Beijing sets 'bulldog of Tibet' on its Catholics


Clifford Coonan
Tuesday 30 August 2011 00:00
Former Tibet Communist Party chief Zhang Qingli sits in front of a Tibetan wall painting
Former Tibet Communist Party chief Zhang Qingli sits in front of a Tibetan wall painting

The hardline official who led Beijing's tough response to the Dalai Lama and his Tibetan Buddhist supporters has shifted jobs to tackle a new target: the country's embattled Catholics.

Zhang Qingli, known as the "Tibetan bulldog", has been made Communist Party Secretary of Hebei province, which is home to around a quarter of China's Roman Catholics and where tensions between the state and the Vatican run at their highest.

The appointment was revealed as a Chinese court sentenced a Tibetan Buddhist monk to 11 years in jail for hiding another monk who set himself on fire. The death was seen as a protest against China's heavy-handed controls on Tibetan Buddhism and provoked a stand-off between security forces and monks.

Catholics are required to join the official Chinese Catholic Patriotic Association, which has five million members and has repeatedly angered Rome by naming bishops without the Vatican's approval.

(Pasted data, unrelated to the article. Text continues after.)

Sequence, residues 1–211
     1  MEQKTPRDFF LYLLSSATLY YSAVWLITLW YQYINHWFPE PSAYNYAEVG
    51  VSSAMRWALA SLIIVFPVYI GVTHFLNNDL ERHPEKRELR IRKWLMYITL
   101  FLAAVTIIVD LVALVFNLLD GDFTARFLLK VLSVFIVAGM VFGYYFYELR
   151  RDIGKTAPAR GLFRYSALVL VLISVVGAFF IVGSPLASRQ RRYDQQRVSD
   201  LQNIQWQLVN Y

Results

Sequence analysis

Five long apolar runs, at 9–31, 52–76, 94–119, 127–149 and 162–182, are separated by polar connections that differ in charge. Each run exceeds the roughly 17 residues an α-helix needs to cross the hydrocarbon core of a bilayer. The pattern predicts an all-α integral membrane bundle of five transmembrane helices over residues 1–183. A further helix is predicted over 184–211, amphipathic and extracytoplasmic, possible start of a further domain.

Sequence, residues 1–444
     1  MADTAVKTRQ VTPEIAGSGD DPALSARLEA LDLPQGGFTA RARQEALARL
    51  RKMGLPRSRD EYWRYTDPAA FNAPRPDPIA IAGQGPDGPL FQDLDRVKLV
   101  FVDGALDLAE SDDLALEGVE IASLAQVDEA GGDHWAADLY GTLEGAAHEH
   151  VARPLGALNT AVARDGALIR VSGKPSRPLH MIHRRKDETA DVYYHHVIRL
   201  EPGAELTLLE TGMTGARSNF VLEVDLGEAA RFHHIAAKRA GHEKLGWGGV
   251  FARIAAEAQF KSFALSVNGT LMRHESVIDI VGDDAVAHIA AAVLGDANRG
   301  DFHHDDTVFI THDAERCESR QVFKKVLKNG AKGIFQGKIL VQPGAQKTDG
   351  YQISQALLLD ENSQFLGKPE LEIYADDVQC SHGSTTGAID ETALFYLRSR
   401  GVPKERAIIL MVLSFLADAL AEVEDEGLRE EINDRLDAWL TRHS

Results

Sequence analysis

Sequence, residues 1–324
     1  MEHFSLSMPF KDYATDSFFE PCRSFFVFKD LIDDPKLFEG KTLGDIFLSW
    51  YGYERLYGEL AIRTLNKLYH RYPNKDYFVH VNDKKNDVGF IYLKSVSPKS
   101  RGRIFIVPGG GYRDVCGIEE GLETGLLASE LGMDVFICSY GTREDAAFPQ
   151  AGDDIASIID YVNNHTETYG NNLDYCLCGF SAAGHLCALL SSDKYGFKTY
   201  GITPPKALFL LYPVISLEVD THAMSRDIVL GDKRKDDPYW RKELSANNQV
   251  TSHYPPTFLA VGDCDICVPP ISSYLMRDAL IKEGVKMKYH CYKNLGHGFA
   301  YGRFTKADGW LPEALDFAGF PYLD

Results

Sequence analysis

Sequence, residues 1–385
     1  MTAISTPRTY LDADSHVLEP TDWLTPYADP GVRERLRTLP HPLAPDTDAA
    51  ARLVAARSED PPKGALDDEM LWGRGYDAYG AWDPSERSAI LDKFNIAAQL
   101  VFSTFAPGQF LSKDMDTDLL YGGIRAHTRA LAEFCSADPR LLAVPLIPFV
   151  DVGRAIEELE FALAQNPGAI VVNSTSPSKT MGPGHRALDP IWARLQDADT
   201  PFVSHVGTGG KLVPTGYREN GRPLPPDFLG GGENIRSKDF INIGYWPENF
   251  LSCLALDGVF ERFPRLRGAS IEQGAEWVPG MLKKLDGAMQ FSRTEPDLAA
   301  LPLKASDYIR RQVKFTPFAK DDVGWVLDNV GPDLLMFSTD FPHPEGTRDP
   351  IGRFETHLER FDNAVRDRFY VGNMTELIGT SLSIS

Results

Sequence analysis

The Holy See estimates that about eight million Chinese Catholics worship secretly in churches not recognised by the government and many of these are in Hebei, which surrounds Beijing and has a population of 70 million. During his time in Lhasa, Mr Zhang gained a reputation as an unyielding party secretary of the heavily Buddhist region. He was particularly well known for his tough stance against the exiled Dalai Lama, and once described him as "a wolf in monk's robes, a devil with a human face but the heart of a beast".

Relations between Beijing and the Holy See worsened late last year after Pope Benedict XVI's Christmas Day message deplored the persecution of Chinese Catholics. Last month, the Vatican denounced the ordination of a Chinese bishop without papal approval and excommunicated him. Much to Beijing's irritation, the Vatican is one of a handful of states that extends diplomatic recognition to the self-ruled island of Taiwan.

The US-based Cardinal Kung Foundation, which highlights the cases of oppressed priests in China, says there are 25 underground bishops, and all of them are either in jail, under house arrest, under strict surveillance, or in hiding.

All eight priests listed as prisoners by the foundation are from Hebei province, while most of the missing or jailed bishops come from there.

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